Johnson, 58, is resigning “by mutual agreement,” the company said. The takeover, announced in January 2011, received its final regulatory approval yesterday. Tom Williams, a spokesman for Duke, declined to comment on the reason for the change. Johnson has been the chairman and CEO of Raleigh, North Carolina-based Progress since 2007.
Bearish sentiment in an individual investors’ survey has surpassed the historical average for the longest stretch since October, when stocks began a rally that lifted the S&P 500 24 percent.
A poll by the American Association of Individual Investors showed 44.4 percent of respondents say U.S. stocks will fall over the next six months. That’s the eighth week that pessimism stayed above the 25-year average of 30 percent.
Concern Europe’s debt crisis will deepen and the recovery weaken have erased as much as $1.8 trillion from U.S. equities since March. The last time the proportion of bears topped the average for this long was in the 14 weeks through Oct. 20, 2011, just after the S&P 500 bottomed at 1,099.23. The benchmark measure for U.S. stocks went on to surge as much as 29 percent, reaching a four-year high of 1,419.04 on April 2.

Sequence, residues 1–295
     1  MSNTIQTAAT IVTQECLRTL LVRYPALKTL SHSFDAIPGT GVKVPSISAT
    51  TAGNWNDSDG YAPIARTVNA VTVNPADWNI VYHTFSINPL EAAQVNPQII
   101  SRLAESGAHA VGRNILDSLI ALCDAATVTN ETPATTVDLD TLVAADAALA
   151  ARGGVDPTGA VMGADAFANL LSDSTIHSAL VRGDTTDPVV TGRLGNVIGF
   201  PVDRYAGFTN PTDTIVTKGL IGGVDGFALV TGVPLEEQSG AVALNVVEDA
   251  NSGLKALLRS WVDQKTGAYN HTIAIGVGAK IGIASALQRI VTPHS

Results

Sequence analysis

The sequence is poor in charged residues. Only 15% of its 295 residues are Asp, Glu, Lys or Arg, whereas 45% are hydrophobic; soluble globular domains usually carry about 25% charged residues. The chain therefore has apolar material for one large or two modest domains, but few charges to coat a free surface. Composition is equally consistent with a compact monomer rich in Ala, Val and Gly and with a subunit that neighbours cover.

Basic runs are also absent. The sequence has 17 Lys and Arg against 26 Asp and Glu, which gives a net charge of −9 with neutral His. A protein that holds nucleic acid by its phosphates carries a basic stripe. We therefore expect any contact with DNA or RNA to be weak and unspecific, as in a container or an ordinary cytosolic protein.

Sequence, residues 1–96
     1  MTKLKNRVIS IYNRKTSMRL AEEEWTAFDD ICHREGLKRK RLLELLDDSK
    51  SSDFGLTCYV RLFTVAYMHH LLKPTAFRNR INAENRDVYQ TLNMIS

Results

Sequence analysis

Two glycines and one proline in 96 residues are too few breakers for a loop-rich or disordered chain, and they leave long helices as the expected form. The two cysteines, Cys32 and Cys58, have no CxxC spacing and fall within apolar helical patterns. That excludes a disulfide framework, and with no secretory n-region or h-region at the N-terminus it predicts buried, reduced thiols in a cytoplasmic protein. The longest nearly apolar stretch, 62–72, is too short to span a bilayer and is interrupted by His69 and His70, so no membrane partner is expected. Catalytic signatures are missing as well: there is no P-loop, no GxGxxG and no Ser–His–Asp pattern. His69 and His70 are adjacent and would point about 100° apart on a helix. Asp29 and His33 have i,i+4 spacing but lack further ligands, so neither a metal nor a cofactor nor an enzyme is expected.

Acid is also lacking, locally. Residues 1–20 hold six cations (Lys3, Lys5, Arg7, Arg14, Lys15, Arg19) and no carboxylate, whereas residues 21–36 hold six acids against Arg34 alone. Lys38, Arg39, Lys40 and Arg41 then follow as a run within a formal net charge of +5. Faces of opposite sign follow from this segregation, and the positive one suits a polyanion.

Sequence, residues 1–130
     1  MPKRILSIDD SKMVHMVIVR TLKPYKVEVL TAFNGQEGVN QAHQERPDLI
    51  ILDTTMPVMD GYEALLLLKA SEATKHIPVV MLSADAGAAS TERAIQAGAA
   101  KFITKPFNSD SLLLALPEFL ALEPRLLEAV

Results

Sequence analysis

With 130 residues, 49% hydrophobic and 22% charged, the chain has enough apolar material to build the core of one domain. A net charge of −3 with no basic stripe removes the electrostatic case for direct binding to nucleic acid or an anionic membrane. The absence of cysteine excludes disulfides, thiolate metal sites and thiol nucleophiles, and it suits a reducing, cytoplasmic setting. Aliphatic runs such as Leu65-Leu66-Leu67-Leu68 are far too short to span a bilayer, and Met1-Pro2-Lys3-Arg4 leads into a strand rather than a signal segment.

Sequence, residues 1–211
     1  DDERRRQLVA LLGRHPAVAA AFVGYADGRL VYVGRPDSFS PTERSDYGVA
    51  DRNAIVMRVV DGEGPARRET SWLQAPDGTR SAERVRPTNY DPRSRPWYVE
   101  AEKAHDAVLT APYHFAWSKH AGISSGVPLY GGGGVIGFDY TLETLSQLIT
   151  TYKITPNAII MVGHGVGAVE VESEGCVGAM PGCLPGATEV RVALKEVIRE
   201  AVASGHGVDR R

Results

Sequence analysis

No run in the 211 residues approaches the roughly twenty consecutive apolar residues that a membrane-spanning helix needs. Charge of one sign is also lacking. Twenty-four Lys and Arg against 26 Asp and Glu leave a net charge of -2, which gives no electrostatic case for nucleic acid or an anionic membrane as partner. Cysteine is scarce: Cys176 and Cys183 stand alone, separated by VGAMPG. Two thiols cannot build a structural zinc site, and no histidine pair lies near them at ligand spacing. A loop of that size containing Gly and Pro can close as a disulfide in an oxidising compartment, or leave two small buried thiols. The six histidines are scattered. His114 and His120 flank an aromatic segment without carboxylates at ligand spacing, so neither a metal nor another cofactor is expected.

“Individual investors tend to get in when the markets are red hot and they tend to get out when the markets are at the bottom,” said Robert Carey, who helps oversee $53 billion as chief investment officer of Wheaton, Illinois-based First Trust Portfolios.
Gains that drove the S&P 500 to its biggest June advance since 1999 may falter because too few stocks are rising with enough speed, StockCharts.com Inc. said.
The gauge surged 2.5 percent on June 29, finishing the month up 4 percent, amid optimism that Europe will prevent bank losses from multiplying. While the rally drove 64 percent of shares above their average price during the past 50 days, that’s short of the 85 percent threshold that usually accompany longer rallies, said Arthur Hill, a technical analyst at the firm.
While 85 percent is where momentum becomes self-sustaining, equity declines are likely to speed up when the number of stocks above the 50-day mean slips below 15 percent, Hill said.
“A surge above 85 percent shows strong-enough buying pressure to suggest that an uptrend is emerging,” Hill wrote in a note yesterday. “It is like a rocket lifting off the launch pad. A strong up-thrust is needed to insure a sustainable advance.”